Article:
Grease a 23 by 10 cm (9 by 4 in) loaf pan with some sunflower oil and line the bottom of each pan with baking paper. Roll the dough into a rectangle measuring 38 by 28 cm (15 by 11 in) out on a lightly floured surface. Trim the sides to make them even, then position the dough so that a long side is closest to you. Use an offset spatula to spread the cinnamon mixture over the rectangle, leaving a 2 cm/¾ inch border all around. Sprinkle the chopped walnuts over the cinnamon paste.

Brush a little bit of water along the long end farthest away from you. Use both hands to roll up the rectangle like a roulade, starting from the long side that is closest to you and ending at the other long end. Press to seal the dampened end onto the roulade and then use both hands to even out the roll into a perfect thick cigar. Rest the cigar on its seam.

Trim about 2 cm/¾ inch off both ends of the roulade with a serrated knife. Now use the knife to gently cut the roll into half lengthwise, starting at the top and finishing at the seam. You are essentially dividing the log into two long even halves, with the layers of dough and filling visible along the length of both halves. With the cut sides facing up, gently press together one end of each half, and then lift the right half over the left half. Repeat this process, but this time lift the left half over the right, to create a simple, two-pronged plait. Gently squeeze together the other ends so that you are left with the two halves, intertwined, showing the filling on top. Mine was so long I made a double plait. Carefully lift the cake into the loaf pan. Cover the pan with a wet tea towel and leave to rise in a warm place for 1½ -2 hours. The cake will rise by 10 to 20 percent.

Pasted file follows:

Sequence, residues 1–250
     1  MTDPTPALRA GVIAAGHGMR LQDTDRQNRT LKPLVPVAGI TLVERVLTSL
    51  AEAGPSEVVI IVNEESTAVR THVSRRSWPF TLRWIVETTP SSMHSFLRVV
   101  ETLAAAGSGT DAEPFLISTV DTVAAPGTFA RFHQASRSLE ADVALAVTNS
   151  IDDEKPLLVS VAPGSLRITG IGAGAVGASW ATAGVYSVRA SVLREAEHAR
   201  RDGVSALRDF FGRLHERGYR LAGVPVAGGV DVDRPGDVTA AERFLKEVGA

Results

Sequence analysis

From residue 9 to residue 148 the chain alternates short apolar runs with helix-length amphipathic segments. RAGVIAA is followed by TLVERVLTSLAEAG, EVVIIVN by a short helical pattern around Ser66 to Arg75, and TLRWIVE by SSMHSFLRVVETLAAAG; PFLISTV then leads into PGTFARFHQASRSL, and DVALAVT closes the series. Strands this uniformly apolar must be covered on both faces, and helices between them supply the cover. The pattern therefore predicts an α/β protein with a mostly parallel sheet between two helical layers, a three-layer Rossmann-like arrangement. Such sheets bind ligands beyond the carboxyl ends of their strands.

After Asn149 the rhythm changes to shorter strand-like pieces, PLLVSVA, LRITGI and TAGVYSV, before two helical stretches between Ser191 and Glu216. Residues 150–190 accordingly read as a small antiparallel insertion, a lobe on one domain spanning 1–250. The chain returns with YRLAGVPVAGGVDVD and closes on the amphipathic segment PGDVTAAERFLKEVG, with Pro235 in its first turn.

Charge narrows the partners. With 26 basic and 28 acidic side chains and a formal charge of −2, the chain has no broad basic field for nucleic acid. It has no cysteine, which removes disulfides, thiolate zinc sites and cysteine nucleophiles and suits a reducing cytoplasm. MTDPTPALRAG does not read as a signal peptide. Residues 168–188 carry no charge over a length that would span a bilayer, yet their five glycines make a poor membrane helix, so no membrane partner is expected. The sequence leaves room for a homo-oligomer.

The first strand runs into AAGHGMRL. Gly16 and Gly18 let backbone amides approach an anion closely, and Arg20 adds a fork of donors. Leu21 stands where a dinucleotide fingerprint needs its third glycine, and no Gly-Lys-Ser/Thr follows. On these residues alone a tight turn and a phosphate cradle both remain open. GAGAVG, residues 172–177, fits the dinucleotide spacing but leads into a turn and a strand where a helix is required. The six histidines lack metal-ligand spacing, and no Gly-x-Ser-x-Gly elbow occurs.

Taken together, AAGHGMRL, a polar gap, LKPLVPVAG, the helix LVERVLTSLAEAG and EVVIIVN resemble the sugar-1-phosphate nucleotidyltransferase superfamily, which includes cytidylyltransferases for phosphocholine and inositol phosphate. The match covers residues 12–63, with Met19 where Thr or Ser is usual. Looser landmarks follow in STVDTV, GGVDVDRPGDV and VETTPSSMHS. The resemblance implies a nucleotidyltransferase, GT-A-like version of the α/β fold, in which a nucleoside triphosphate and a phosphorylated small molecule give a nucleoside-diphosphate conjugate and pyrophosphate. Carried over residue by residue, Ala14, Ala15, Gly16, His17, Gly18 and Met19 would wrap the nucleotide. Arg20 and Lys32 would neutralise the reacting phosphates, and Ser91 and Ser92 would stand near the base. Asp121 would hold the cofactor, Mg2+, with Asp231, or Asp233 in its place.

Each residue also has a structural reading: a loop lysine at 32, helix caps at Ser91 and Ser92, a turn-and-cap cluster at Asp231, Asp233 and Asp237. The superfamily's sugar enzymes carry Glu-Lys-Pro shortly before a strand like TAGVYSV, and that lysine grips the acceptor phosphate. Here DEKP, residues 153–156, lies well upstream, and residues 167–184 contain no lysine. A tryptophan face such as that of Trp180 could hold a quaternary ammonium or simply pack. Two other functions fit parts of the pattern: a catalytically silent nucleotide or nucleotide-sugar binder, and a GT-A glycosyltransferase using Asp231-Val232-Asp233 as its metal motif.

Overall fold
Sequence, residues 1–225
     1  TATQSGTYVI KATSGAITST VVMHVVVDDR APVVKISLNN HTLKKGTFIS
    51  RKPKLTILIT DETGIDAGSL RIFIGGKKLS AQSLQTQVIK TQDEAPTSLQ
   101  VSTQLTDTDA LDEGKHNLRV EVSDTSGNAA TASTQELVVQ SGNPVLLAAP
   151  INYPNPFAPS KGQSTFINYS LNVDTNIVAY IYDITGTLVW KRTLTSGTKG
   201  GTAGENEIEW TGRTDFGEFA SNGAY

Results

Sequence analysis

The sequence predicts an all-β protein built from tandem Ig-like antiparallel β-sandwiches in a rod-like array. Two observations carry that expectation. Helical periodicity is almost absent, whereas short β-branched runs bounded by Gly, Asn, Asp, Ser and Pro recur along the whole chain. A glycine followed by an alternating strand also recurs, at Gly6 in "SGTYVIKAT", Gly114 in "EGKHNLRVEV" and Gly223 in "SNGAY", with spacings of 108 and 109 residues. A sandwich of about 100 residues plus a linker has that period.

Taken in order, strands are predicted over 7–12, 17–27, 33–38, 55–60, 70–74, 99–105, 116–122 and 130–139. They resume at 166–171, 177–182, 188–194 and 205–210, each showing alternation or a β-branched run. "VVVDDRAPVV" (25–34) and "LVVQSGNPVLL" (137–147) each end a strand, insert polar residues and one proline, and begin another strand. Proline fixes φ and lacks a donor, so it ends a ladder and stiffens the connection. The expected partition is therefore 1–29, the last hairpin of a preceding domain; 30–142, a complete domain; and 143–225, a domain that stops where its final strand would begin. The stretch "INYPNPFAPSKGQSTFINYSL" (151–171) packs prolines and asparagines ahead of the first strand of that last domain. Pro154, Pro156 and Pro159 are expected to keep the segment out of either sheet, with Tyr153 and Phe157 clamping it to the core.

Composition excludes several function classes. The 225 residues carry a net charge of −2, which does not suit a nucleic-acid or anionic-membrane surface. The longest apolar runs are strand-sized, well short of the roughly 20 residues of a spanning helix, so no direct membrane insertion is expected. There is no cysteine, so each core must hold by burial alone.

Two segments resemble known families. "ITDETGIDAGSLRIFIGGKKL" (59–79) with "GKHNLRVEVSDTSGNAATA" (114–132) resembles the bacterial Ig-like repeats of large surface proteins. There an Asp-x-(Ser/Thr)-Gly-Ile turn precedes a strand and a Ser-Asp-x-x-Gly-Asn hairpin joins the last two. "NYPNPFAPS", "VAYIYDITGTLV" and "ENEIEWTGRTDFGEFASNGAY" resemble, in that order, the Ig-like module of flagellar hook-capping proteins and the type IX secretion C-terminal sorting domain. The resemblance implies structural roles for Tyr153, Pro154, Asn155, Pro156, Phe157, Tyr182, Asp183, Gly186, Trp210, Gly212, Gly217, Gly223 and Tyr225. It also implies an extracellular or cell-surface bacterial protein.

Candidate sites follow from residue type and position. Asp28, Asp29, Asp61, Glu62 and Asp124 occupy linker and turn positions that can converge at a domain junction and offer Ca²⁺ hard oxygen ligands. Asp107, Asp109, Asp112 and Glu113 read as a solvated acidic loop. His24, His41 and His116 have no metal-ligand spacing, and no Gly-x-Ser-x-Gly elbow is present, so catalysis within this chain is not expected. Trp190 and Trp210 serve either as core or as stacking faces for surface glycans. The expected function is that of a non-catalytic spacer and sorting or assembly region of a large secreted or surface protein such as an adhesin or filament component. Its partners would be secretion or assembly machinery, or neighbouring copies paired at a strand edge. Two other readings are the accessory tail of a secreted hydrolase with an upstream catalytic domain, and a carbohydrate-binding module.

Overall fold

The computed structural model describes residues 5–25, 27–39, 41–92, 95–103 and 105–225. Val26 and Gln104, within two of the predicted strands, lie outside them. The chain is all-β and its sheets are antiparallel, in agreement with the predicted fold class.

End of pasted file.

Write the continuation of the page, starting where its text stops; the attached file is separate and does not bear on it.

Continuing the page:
Preheat the oven to 190°C/375°F. Remove the tea towel, place the cake on the middle rack of the oven, and bake for about 30 minutes, until a skewer inserted in the centre comes out clean. If not, return to the oven for another 5-10 minutes. My babka took 45 minutes to cook through. While the babka is in the oven, make the syrup.

Syrup
⅓ cup (75g) caster sugar
⅓ cup water
1 cinnamon stick

Combine the water, sugar and cinnamon stick in a saucepan. Place the pan over a medium heat and bring to a boil. As soon as the sugar dissolves, lower the heat and simmer for 5 minutes then remove the pan from the heat and leave the syrup to cool down. As soon as the babka comes out of the oven, pour all the syrup over the top of the babka reserving the cinnamon stick. Leave the babka to cool in the tin for about 30 minutes before removing from the pan. 



The babka is delicious eaten while still warm from the oven. Otherwise, the babka will keep for up to two days at room temperature, wrapped in foil, and up to a couple of weeks when frozen. If it's a little past it's use by date, try toasting the babka for an OMG moment as toasted babka is AMAZING!

Meanwhile another weekend has been and gone and my 'to-do' list seems as long as ever. Where does the time fly?

See you all again next weekend with some more baking from my kitchen.

Jillian 
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2 comments

  1. I made this recipe today. My dough took longer to rise out of fridge ( almost 6hrs) but then again I decided to make this on a very cold day. The end result was delicious- will definitely make this again!

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    Replies
    1. Glad the recipe worked for you, eventually. In cold weather I'm impatient so I prove the dough in a bowl, well wrapped in a bath towel that I sit on my heater turned down to low. So far no disasters!